Postby wshang » Sat Feb 02, 2013 8:35 pm

travellight wrote:I would be interested to know what fields in medicine those who love what they do are in..... maybe there is a theme.

I agree it is a stable and financial secure profession but you certainly shouldn't go into it for financial reasons. The key is finding the niche where you love what you do; getting paid a reasonable amount for it puts you ahead of most people in the rat race.

It is my impression that family practice people like their patients. During local meetings for local medical society though, I am always shocked to hear them use four letter words in discussing reimbursement. I wonder if they enjoy their profession or they are more or less locked in and have come to believe they like it. I think if I were to rephrase your question . . . . if I had the foresight and wisdom, I would try to maximize my satisfaction, while keeping the peripheral irritations to a minimum, finding a profession which paid me commiserate to my intelligence/drive, challenging but not overly taxing, lending some degree of self-respect while providing a predictable income stream.
I have found each generation of successive generation of physicians to have a lower expectation and perhaps are more happy. I'd like very much to know when you are 50, whether you feel you have made the correct decision.
“. . . extraordinary wealth can be made by knowing the future" - Harry Dent
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Re: Financing medical school. Age 34, some savings.

Postby Hematocrit » Sun Feb 03, 2013 10:56 am

Physician here . New to the boards as of today.
42 years old
Otolaryngologist/Head and Neck Surgeon


If he got into med school, the decision making process has already been made.
He is now asking for financial advice.
My advice would be to save your money and go the military route if you are willing to give up some time.

As others have said, medicine is changing dramatically.
You are entering a time of increasing work load and decreasing reimbursement.
Keep your money and let others (military) pay your tuition.
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Re: Financing medical school. Age 34, some savings.

Postby tarheal93 » Sun Feb 03, 2013 4:04 pm

Agree. Decision is made and has to be a germane decision made only by you. Now the question is how to finance.

I returned to school and on to medical school after 2 years in the Peace Corps. For me there were options but I did the state school route. It seems you will be able to fund this a good part out of savings and live cheaply. That is the key. I drove a car that at the end of residency that was 32 years old. In med school my wife and I lived the pauper life. A big night out was a pizza and beer at a local pizzeria once a month. You can live the lifestyle needed and still be happy and functional-though busy.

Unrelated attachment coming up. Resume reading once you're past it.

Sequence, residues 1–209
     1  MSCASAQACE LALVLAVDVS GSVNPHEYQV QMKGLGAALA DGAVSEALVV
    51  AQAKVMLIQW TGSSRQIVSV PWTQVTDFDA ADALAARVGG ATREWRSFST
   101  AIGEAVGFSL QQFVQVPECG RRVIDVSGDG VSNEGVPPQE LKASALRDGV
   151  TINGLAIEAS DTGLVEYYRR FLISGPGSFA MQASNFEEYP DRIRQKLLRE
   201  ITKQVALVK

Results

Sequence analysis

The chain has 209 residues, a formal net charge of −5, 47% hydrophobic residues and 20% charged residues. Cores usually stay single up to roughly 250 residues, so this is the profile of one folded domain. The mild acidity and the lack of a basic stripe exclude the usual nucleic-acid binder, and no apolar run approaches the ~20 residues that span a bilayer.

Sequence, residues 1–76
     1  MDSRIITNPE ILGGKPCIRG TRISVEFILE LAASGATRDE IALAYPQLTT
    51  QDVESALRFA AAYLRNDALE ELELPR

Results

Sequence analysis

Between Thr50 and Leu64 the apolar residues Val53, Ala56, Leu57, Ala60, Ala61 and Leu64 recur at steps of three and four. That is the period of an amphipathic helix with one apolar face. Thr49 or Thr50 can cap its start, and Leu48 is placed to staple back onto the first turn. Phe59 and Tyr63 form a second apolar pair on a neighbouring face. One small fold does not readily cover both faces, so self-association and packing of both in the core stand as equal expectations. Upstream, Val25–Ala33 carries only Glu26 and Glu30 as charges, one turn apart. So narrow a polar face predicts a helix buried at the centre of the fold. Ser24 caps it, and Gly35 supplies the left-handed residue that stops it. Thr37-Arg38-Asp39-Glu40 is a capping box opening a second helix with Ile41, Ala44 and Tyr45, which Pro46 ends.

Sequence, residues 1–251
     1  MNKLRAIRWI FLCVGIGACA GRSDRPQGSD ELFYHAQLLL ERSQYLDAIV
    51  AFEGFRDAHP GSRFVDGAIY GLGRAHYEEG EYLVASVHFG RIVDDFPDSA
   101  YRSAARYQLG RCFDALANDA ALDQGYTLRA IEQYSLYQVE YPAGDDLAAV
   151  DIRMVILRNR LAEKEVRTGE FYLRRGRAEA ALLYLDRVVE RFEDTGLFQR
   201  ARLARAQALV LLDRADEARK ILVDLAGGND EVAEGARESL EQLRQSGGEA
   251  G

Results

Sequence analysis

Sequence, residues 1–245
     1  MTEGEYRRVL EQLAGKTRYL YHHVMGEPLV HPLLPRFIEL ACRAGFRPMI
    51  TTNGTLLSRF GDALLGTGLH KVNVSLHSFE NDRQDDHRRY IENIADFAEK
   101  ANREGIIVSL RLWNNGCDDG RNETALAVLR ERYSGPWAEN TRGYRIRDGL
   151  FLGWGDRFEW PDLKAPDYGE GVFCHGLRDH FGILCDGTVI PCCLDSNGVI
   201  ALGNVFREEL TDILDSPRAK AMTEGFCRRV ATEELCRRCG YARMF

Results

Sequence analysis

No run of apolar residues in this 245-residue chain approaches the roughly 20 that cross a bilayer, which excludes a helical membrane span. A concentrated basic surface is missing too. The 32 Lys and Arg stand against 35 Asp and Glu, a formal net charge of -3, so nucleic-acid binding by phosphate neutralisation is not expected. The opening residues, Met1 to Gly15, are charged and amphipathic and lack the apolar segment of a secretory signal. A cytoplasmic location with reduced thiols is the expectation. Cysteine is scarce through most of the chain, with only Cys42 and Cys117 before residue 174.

The job market for physician is changing. I am a Hospitalist and one could go anywhere in the country and work. For many specialties it is not so good. Regardless you have to decide what you want to do in medicine and do it because you love it. Then all will work out fine. Congratulations on your new adventure/endeavor. Please contact with any questions/concerns. You can do this man!!!
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Re: Financing medical school. Age 34, some savings.

Postby zebrafish » Sun Feb 03, 2013 10:01 pm

Username: hematochezia

Occupation: head and neck surgeon

:shock:
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Re: Financing medical school. Age 34, some savings.

Postby Zeppcoustic » Sun Feb 03, 2013 10:17 pm

zebrafish wrote:Username: hematochezia

Occupation: head and neck surgeon

:shock:


LOL.
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Re: Financing medical school. Age 34, some savings.

Postby travellight » Mon Feb 04, 2013 1:16 am

I thought he'd be a GI doc.
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Re: Financing medical school. Age 34, some savings.

Postby Hematocrit » Mon Feb 04, 2013 11:11 pm

It was in med school I first learned the existence of the word Hematochezia.
I thought it was so cool there was a word that meant what it meant.
Stuck with me ever since.


Other funny words that I discovered at the time included: tenesmus, micturition, phantosmia,